I'm writing this post for a couple of reasons.
1. Share some new findings (Research Stuff) related to the dangers of too much sugar.
2. Offer some healthful suggestions (True Health Unlimited's Take) related to sugar intake.
If you like the research stuff, the begining of this post is for you. But, if you'd prefer the take home message without the research stuff, scroll down to True Health Unlimited's Take.
According to a new look at data from the Health Professionals Follow-Up Study, both men and women need to watch their swigging of sugar-sweetened drinks to reduce the risk of a heart attack.
Previously, women in the Nurses' Health Study who consumed more sugar-sweetened sodas and other drinks were found to be at greater risk of heart disease.
Now results from the Health Professionals study of 42,883 men similarly show that those consuming the most sugar-sweetened drinks (an average of 6.5 per week) were 20% more likely to suffer a first heart attack over 22 years than those skipping sugary drinks.
No increased risk was found for artificially sweetened diet sodas.
Each additional daily serving of sugar-sweetened beverages boosted heart-disease risk by 19%, similar to the 15% added risk found in the nurses study.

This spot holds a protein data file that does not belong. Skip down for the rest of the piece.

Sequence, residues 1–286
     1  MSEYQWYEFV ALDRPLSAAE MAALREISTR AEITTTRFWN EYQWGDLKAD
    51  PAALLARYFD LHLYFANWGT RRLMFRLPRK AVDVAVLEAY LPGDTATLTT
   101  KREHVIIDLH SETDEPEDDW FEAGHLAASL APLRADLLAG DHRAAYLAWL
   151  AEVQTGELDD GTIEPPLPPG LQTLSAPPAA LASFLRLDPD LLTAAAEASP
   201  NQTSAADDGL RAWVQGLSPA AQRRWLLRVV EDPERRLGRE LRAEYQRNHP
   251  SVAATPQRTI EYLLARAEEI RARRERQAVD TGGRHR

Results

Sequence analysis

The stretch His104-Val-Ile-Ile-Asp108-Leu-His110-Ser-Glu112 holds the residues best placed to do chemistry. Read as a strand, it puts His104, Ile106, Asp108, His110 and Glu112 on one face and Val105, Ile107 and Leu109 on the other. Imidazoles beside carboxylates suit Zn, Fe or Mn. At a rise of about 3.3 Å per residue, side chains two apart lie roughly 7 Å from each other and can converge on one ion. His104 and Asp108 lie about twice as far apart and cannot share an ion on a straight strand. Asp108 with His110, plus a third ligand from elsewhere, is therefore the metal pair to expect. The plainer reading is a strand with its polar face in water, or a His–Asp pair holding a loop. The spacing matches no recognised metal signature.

The association persisted even after adjustment for high cholesterol, triglycerides and blood pressure, suggesting that "sugar-sweetened beverages may impact on coronary heart disease risk above and beyond traditional risk factors."
True Health Unlimited's Take
There are two types of sugar to keep in mind. One is natural, the other is added. Natural sugars are found in fruits, vegetables, dairy products, coconuts and sweet potatoes. Added sugars include high fructose corn syrup, table sugar, sucrose, etc. According to the USDA (United States Department of Agriculture), the average American consumes about 87 grams of added sugar per day. The recommendation, however, is for men to have no more than 37 grams per day and for women to have no more than 25 grams per day of added sugar.
So, check out the nutrition facts labels on the side of products you consume and take note of the sugar amounts. Men should aim for <37g/day and women <25 grams per day.
About the Author
Dave Barnas, M.S., CES, NASM-CPT is the owner of True Health Unlimited, LLC in Tolland, CT. He is the lead author of Real Food Therapy Guide, co-author of Y.E.S.-Your Eating Solution, and Fitness True Health Tips. He also co-creates a free "on Inspired Living" newsletter. For free & easy e-mail sign-up, see Free Newsletter on the bottom page of True Health Unlimited's website.